Over 1 million birds affected by latest outbreak
By Robert Williams
Over 1 million birds have been affected by the latest outbreak of highly pathogenic avian influenza (HPAI) in the state as of Thursday, April 7, including Becker County.
The disease is now affecting a total of 21 poultry flocks, tripling the reports of a week ago (7), according to the Minnesota Board of Animal Health.
The Becker County report is the northernmost reach of the spread in the state and has a flock population of 45,000 birds.
Kandiyohi, Morrison and Stearns counties each have reports of four commercial turkey flocks affected by avian flu. Other counties with infections are Dodge, Lac Qui Parle, Meeker, Mower and Waseca.
All but two of the 21 reports are commercial operations consisting of flocks from 20,000 to 240,000 birds. The two backyard producers in Mower and Stearns counties are considerably smaller with a combined bird total of 170.
The first case was confirmed on March 25 and the numbers have grown steadily since, surpassing 1 million birds late this week.
During a HPAI event in Minnesota, a response zone is created around the infected premises in order to control movement and establish an area for testing and surveillance protocols to be carried out.
The United States has the strongest AI surveillance program in the world, and USDA is working with its partners to actively look for the disease in poultry operations, live bird markets, and in migratory wild bird populations.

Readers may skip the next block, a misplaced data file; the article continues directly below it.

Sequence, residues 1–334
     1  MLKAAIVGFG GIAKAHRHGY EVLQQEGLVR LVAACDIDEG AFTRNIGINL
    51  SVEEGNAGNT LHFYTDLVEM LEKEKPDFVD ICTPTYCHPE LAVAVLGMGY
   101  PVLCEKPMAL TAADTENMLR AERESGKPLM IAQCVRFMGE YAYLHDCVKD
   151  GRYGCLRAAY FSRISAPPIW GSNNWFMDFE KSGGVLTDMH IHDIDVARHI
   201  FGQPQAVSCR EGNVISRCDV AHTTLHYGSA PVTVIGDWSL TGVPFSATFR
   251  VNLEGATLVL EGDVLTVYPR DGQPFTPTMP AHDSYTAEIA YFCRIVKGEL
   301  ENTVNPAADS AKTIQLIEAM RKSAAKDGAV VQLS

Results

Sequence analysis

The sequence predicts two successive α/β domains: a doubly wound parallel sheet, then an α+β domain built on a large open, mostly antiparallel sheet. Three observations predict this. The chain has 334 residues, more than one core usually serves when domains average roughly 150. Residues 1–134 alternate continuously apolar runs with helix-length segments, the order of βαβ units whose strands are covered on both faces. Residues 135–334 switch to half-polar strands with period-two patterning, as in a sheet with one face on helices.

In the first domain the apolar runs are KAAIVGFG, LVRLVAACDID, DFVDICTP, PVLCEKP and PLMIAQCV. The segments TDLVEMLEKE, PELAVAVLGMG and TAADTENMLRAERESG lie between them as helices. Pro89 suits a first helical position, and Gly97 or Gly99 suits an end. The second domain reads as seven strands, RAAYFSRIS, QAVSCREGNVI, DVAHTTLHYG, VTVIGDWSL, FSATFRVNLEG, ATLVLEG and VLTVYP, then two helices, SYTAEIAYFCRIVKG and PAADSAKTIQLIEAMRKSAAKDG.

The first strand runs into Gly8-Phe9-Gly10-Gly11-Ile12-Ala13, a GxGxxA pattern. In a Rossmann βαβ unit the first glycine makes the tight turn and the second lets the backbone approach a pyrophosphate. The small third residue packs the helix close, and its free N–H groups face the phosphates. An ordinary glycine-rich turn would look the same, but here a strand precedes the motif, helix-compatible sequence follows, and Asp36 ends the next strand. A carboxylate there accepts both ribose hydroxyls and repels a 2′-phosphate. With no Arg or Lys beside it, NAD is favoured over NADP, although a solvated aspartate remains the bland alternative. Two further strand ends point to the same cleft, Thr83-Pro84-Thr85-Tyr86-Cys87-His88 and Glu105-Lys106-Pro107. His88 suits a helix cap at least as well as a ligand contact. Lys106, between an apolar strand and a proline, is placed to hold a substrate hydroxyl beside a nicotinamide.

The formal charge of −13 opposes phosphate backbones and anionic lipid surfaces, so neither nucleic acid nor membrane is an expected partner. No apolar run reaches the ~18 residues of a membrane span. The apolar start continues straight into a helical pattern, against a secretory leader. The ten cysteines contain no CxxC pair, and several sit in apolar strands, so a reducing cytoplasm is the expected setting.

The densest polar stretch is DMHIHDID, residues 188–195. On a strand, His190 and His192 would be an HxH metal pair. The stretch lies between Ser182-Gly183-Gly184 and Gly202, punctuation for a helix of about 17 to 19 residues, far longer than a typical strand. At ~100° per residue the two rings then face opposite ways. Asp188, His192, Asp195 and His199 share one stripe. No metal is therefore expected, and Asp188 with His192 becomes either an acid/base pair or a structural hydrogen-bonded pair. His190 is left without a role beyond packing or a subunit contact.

Premises infected with HPAI are placed under quarantine, prohibiting the movement of poultry and poultry products on or off the affected site. The USDA works with infected flock owners to develop a flock plan, which includes appraisal and indemnity agreements for depopulation of poultry that remain on the premises.
After depopulation of the flock, all carcasses on the affected farms are composted inside of the barns, unless another method of disposal is approved by the response team. This process takes approximately one month to complete.
Commercial poultry producers and backyard flock owners are advised to practice strict biosecurity; most importantly, preventing their birds from exposure to wild waterfowl.
According to the Centers for Disease Control and Prevention, human infections with HPAI bird flu viruses are rare but can occur, usually after close contact with infected birds. No human infections with highly pathogenic avian influenza A viruses have been detected to date in the United States. There have been four human infections with low pathogenic avian influenza A viruses identified in the United States since 2002.
Daily reports on the spread are updated weekdays and can be found at www.bah.state.mn.us/hpai/